Authorship vs. Intelligence

One more thought about this idea of collective intelligence (see prior two posts, and forgive my lapse in writing…just settling back in after a week away).

Reflecting back on what I’ve written on this topic, I sense that I may have been conflating collective authorship with collective intelligence. There are a whole host of practical and conceptual issues that come up when multiple authors jointly create a single work–a scenario that almost always defines media-making projects. How do participants negotiate conflict and critique? What conditions are in place to ensure reciprocity and some measure of fairness in terms of who does the heavy lifting when it’s time to deliver, and who gets credit? Once the story circulates, who “owns” the production? These are serious and sometimes daunting questions that youth media producers have to pose, answer, and re-think with every project.

But they may not be exactly the questions that cut to the heart of collective intelligence, which isn’t so much about joint production as it is about shared knowledge, not so much about who deserves credit for the product, but how various minds/bodies/imaginations inform and derive “smarts” from the process.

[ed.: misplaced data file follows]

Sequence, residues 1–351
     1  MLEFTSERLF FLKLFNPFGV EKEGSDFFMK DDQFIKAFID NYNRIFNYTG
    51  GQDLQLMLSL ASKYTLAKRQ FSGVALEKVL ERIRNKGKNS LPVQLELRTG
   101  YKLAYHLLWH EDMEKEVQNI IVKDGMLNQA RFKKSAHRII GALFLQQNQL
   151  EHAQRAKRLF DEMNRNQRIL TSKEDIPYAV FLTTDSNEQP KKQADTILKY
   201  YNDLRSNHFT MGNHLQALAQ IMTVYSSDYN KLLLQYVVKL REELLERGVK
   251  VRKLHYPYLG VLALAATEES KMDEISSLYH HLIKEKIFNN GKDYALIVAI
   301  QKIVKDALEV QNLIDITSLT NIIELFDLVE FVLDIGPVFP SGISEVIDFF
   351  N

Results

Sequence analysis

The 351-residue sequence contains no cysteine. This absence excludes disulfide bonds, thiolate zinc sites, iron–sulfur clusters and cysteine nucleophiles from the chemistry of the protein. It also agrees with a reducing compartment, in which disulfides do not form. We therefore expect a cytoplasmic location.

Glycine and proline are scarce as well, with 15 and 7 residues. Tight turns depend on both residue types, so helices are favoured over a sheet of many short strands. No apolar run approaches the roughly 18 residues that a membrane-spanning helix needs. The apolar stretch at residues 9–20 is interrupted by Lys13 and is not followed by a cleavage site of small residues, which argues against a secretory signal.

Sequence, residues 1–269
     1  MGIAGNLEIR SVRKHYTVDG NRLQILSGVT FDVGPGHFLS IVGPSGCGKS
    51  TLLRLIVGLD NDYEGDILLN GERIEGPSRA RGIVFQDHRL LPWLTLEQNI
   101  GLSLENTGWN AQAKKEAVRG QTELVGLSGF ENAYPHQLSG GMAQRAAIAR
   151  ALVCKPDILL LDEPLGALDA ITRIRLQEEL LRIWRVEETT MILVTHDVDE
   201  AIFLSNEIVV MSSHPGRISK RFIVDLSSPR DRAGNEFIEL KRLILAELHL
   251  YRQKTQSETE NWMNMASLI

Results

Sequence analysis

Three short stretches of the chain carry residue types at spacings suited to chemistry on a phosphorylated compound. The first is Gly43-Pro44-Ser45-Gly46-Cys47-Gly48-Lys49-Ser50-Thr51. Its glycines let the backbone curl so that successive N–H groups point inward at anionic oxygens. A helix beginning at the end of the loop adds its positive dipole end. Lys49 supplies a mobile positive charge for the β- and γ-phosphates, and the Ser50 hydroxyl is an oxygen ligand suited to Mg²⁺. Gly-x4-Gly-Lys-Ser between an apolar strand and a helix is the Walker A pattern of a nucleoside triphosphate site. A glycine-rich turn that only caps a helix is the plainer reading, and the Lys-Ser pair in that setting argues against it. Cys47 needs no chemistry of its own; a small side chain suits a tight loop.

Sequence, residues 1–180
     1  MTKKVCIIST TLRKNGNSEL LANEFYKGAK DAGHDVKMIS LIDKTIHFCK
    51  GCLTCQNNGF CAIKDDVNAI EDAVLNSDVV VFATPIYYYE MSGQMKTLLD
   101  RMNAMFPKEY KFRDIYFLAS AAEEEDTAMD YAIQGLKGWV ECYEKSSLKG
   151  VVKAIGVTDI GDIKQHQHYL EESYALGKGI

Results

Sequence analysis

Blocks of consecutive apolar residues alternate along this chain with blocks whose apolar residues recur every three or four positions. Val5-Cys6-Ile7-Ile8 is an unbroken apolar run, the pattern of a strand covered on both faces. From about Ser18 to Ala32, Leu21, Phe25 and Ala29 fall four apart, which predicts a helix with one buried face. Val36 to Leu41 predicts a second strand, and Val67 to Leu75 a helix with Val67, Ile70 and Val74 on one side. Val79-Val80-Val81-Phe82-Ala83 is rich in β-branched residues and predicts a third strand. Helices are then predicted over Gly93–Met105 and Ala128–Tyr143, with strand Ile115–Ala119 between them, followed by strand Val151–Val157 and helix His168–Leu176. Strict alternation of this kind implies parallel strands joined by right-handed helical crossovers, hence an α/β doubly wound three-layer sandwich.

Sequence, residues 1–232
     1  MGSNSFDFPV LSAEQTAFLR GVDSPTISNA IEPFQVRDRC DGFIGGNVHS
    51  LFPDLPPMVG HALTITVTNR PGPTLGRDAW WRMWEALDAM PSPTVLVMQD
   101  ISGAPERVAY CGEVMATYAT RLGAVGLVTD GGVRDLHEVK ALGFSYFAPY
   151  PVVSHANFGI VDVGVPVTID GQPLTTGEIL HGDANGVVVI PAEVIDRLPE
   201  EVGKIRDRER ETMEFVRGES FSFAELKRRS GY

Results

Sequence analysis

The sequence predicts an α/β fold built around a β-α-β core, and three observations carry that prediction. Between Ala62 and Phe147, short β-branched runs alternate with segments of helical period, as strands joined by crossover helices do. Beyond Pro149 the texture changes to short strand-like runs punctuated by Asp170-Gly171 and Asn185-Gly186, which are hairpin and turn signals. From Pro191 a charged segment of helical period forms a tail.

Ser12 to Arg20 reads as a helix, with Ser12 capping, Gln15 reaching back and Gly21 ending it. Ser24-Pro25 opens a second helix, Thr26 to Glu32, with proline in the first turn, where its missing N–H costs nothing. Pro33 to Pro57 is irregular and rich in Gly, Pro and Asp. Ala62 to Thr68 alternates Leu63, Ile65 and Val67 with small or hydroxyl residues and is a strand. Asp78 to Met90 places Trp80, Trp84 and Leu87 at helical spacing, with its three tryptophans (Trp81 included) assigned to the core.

It’s hard to find a more fraught concept than intelligence in the education literature. Scholars like Howard Gardner decades ago refuted the idea that individuals possess fixed and measureable levels of intelligence narrowly defined, and yet America can’t quite seem to let go of this view. And so I’m wondering what the notion of “collective intelligence” as a property of “new media literacies” contributes to debates about intelligence in a more general sense. For one thing, when I reflect on my own creative methods as both a writer and producer working together with youth and adult colleagues, I can see how “intelligence” can be displaced from the people in the room to the project underway, to the literal and metaphorical “space” or “site” that takes shape throughout the time it takes to complete a given piece of work. If that’s true, it makes me wonder what happens to that collective and perhaps temporary or contingent intelligence once the group disbands or the project ends?

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